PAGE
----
Assuming, for the moment, that each of these responses, including those of the federal government, are successful, notice that all respond to one challenge — repair the grid. This fix addresses the immediate problem. However, the better question for us to address is whether grid repair is enough, or must we go beyond it?
The electric grid, sometimes referred to as the most complicated machine ever invented or one of the greatest engineering achievements of the 20th century, is essential for the delivery of electricity. Nevertheless, the grid has aged, and there is a strong consensus that it is in need of a multi-trillion dollar investment. The question, however, is: Will upgrades and improvements be enough?
Grid modernization is insufficient to protect all consumers, and particularly low-income consumers who suffer from energy poverty. Energy poverty is defined as “the inability of households to afford energy services for adequate heating and cooling resulting in uncomfortable indoor temperatures, material deprivation, and accumulated utility debt.” If catastrophic losses are occasioned by catastrophic events and by the fact that millions of Americans are connected to the grid, then another response that goes beyond grid repair is needed. In part, that broader response is to transform the grid by making it “smarter” and by requiring it to deliver different energy products and services. And, moving beyond the smart grid, the entire electric system — from production through delivery and consumption — must be reimagined and designed for an ongoing transition to a clean energy future.
The grid can be made “smarter” through technological improvements that provide two-way communications among various producers and customers; that make greater use of information and communication technologies to send more accurate price signals and set more accurate rates; that can balance inputs from variable energy sources such as solar and wind; and, perhaps most importantly, can manage an array of distributed energy resources (DER) such as rooftop solar power, wind power, and microgrids.
More notably, as the electricity landscape changes and as new technologies come onto the market, customers can generate all or some of their own power; they can then disconnect from the grid in whole or in part; and energy markets can be decentralized. The smart grid, then, becomes not only emblematic of a changing electricity industry, it is emblematic of a major transformation of our energy economy from a centralized, traditional, fossil-fuel reliant economy to a decentralized clean energy economy.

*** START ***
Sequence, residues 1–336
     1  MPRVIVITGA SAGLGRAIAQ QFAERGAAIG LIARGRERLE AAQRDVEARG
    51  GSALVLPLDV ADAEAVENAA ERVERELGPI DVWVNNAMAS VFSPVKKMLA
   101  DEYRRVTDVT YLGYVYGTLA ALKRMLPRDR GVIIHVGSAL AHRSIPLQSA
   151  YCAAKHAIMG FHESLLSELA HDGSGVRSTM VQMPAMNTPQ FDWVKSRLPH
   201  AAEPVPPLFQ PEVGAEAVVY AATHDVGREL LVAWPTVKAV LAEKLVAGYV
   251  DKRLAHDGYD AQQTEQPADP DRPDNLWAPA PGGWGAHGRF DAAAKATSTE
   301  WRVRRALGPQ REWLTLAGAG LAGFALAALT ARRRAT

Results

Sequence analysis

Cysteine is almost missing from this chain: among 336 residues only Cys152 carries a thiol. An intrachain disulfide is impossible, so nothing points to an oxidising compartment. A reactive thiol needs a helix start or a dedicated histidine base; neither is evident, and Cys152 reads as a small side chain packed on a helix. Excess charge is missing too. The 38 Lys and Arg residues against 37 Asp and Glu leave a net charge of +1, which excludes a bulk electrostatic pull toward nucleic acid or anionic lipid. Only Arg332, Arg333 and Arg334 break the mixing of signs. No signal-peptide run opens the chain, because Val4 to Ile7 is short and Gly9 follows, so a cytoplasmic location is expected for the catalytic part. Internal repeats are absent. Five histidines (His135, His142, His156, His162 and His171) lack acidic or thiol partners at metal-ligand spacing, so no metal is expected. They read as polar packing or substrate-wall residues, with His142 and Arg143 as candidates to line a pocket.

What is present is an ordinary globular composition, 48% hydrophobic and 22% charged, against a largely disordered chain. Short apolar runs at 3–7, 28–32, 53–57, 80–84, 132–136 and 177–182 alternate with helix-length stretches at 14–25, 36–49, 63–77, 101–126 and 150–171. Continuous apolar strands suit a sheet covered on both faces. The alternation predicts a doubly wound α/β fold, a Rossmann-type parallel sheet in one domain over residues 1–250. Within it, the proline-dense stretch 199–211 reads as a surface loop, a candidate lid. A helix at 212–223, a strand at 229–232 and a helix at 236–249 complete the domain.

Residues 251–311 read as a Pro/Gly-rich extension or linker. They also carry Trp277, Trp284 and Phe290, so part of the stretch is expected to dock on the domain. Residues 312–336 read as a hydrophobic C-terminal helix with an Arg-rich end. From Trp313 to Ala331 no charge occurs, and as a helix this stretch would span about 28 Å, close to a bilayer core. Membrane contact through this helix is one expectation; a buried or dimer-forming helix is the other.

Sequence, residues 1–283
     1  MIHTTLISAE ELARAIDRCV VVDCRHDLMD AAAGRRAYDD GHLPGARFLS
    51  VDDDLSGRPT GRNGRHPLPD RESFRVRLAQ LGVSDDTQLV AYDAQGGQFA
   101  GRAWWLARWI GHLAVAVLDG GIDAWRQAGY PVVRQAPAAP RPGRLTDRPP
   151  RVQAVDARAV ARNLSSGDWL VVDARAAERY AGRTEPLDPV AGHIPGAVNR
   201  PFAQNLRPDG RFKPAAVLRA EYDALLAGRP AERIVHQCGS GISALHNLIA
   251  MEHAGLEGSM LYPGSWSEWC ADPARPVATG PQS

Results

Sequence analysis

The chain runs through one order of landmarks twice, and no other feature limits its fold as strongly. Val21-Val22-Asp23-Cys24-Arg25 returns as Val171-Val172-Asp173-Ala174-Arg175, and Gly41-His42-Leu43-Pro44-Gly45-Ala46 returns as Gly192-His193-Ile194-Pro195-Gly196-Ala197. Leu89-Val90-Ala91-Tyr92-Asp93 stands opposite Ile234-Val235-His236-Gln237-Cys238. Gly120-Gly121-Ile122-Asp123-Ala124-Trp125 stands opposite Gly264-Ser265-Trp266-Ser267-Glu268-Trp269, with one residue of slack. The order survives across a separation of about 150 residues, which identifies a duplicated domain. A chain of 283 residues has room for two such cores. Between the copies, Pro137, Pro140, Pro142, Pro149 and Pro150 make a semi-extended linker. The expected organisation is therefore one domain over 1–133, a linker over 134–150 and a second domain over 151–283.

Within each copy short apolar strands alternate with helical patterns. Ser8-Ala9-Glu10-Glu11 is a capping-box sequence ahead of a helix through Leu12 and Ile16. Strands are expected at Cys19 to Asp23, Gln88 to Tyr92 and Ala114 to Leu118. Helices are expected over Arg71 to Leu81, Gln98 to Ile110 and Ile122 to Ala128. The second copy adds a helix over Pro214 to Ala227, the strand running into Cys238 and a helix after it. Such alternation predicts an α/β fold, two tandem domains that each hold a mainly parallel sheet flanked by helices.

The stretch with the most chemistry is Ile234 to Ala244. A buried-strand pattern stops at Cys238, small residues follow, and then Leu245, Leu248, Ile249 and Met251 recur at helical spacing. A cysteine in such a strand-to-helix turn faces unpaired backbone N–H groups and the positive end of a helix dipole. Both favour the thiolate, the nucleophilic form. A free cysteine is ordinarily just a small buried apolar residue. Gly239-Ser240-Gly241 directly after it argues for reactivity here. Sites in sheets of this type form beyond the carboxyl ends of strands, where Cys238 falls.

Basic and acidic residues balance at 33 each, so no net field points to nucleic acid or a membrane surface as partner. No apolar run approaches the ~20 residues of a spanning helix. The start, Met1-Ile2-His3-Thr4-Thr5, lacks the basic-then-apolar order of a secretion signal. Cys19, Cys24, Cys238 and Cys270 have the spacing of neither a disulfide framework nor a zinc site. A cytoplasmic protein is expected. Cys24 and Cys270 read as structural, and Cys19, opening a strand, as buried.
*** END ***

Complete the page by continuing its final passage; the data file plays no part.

During the Obama administration, federal efforts to modernize the energy sector included planning for a clean energy transition. The government acknowledged the direct connection between energy production, distribution, consumption, and disposal, and the environmental consequences at each of those stages of the fuel cycle. Additionally, growing awareness of the dangers and risks of climate change became part of federal energy planning through such initiatives as signing the Paris Climate Agreement; enacting the Clean Power Plan; developing a Climate Action Plan; and funding clean energy research and development through the American Recovery and Reinvestment Act (the 2009 stimulus bill), among other activities. The Trump administration has reversed each of these initiatives.
Despite President Trump’s animus toward clean energy in favor of traditional fossil fuels, there are positive signs. When enacting the 2018 omnibus budget bill, Congress rejected many of the administration’s most drastic proposed cuts to environmental and clean energy programming and, in several instances, added money to those programs. Additionally, over the last four decades, a strong policy consensus has formed in favor of a clean energy transition and, although federal leadership would be welcomed, the transition proceeds apace as state, regional, and local levels of government pick up the slack.
Traditionally, U.S. energy policy has been large-scale, capital-intensive, and highly centralized. The current electric grid fits neatly into that model. Further, the traditional model has heavily relied on fossil fuels and nuclear power. Until a decade ago, those resources constituted over 95 percent of our energy production, with renewable resources accounting for the rest. Within the last decade, renewable resources and energy efficiency account for approximately 10 percent of our energy profile, as the cost of generating electricity from wind and solar decline and approach grid parity.
A clean energy economy is structured differently from the traditional model. A clean energy economy reduces the scale of energy production and distribution and brings energy services and products closer to the consumer. In short, the energy economy becomes more decentralized, more labor-intensive, and relies increasingly on a more aggressive use of clean renewable energy resources and, perhaps more importantly, an increased use of energy efficiencies. Significantly, this new decentralized energy paradigm should reduce the damages and injuries caused by major power outages by restricting the scope of harm.